Competition is Overrated
There’s a hypothesis woven into the fabric of every aspect of American culture. It goes like this: Let two or more people, products, or ideas compete and this will result in what’s best for the group. This hypothesis is an engine of innovation in business, in sports, in law, in health care, in schools, in families, everywhere.
Yet the hypothesis is not always right. We kid ourselves into thinking that when two competing interests “duke it out” it somehow betters the gene pool or otherwise makes us all better as a human race. In reality, the rule goes like this: Let two or more people, products, or ideas compete and this will result in what’s best for the winner. I don’t believe in trickle-down economics and I don’t believe in trickle-down benefits from winners to losers. The hypothesis is often a myth in my opinion.
Competition is not de facto bad, of course. A competitive mindset can serve society extremely well especially when there’s an abundance of resources. Competition has spurred magnificent human creations and inventions over the ages. Competition is a great way to generate ever higher achievements, no doubt. Yet the pendulum has swung too far. Competition has been too successful in generating know-how and technology to the point where now there is a frightening scarcity of resources.
The root of the problem is this outdated paradigm. Our country’s political parties are competing with each other at the expense of the nation. World nations are competing with each other at the expense of the earth. It’s not new. Civilizations have competed with each other since the dawn of history: conquering, oppressing, and building wealth at the expense of others.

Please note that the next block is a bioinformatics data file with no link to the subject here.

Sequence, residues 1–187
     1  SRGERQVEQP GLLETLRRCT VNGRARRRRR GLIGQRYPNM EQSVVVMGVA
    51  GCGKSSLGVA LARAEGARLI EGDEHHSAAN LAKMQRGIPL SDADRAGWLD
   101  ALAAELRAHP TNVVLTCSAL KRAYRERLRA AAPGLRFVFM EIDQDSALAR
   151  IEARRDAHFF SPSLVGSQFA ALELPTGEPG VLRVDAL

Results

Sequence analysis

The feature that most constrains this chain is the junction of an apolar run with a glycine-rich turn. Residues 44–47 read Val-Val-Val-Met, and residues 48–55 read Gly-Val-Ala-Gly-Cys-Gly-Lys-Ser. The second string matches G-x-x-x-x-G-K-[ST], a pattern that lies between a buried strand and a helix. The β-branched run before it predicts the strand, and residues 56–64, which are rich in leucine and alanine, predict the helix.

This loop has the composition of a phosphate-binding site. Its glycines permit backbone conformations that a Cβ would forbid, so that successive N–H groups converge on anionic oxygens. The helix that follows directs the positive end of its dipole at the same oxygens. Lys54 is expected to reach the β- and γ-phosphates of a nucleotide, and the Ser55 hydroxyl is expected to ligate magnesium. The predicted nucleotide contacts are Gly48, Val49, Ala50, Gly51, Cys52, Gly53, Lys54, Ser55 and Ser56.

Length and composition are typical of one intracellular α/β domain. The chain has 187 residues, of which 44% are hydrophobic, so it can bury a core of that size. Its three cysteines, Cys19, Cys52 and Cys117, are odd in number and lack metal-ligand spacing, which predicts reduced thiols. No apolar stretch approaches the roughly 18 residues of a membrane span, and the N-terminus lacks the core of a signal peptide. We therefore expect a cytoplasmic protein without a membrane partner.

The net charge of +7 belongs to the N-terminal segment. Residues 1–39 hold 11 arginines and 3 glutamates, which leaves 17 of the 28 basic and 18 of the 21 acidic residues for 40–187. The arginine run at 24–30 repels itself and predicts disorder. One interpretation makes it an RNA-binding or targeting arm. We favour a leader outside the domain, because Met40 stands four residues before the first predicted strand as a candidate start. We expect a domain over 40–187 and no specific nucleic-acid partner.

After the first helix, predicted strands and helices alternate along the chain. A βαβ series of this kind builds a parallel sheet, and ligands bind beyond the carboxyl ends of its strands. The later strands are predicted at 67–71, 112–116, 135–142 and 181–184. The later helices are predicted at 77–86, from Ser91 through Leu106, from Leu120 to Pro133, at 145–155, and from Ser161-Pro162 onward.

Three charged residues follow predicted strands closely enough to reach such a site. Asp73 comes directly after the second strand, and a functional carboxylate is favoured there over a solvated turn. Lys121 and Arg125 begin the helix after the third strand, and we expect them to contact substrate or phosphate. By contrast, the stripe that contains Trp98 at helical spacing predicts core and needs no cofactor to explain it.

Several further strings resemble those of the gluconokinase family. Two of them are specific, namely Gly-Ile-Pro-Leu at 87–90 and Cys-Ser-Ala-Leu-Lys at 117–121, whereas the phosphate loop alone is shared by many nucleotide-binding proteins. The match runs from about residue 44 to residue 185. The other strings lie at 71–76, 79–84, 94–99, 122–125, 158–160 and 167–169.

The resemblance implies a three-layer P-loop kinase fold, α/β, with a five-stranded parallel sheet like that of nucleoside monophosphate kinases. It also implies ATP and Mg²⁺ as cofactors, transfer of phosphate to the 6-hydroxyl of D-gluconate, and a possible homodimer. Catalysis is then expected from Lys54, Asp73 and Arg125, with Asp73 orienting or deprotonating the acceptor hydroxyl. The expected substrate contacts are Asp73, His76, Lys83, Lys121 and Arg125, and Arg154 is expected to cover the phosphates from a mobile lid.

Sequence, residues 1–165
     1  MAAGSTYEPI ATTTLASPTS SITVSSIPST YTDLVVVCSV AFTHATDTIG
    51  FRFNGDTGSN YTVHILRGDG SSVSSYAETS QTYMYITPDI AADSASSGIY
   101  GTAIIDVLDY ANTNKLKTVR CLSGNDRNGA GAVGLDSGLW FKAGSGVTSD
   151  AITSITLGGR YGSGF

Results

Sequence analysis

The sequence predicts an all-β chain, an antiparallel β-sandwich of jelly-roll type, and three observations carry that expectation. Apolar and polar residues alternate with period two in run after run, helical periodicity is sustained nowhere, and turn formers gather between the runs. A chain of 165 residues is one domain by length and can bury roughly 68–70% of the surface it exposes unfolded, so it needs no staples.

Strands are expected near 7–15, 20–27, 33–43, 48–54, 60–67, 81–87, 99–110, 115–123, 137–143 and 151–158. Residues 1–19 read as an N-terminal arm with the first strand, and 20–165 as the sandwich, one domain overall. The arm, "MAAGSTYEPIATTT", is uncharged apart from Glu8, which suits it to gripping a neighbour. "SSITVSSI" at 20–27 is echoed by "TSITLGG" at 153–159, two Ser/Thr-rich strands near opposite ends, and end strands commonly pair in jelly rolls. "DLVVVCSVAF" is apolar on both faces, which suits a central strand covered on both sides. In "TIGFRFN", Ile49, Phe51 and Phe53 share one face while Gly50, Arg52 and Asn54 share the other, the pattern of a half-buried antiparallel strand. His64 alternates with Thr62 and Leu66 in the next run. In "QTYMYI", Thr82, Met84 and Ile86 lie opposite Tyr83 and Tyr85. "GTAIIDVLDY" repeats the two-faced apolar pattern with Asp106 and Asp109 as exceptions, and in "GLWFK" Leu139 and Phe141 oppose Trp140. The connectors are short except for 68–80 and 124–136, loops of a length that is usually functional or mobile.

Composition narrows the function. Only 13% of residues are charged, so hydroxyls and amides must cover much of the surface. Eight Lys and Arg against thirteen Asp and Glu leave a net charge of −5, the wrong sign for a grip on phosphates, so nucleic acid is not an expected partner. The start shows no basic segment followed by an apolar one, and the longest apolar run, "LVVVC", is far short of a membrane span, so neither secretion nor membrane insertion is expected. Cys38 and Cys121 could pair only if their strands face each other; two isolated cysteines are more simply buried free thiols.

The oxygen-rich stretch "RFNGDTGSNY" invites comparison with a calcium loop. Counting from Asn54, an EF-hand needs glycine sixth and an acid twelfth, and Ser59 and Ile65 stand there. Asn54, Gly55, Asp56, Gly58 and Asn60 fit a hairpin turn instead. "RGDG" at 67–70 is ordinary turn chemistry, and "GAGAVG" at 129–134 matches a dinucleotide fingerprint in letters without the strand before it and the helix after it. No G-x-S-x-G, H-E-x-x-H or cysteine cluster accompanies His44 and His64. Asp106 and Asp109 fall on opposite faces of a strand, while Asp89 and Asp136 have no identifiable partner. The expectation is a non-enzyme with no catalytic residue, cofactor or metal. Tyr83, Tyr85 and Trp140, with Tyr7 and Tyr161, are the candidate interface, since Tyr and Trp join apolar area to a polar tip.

Why not a different paradigm? A pendulum swing in the other way for a change? Toward collaboration. Let’s work together rather than against each other. Imagine a groundswell of popularity for collaboration. Imagine companies rewarding teams rather than individuals. Imagine collaborative sports and recreational activities rising in popularity on a par with competitive sports. Imagine school children being taught and modeled collaboration and communications skills, and rewarded for team/group success rather than individual success. Imagine game shows and talent shows rewarding teams instead of individual winners and losers. Imagine people who feel marginalized by competitive environments feeling valued as collaborators. So many people in America have shut down and withdrawn from civic affairs because it’s viewed as too competitive, even hostile. I have seen people withdraw from all sorts of groups and activities for fear of too much hostility. Why do we have to be so mean and so competitive with each other?
The above is an excerpt from my book: Together We Decide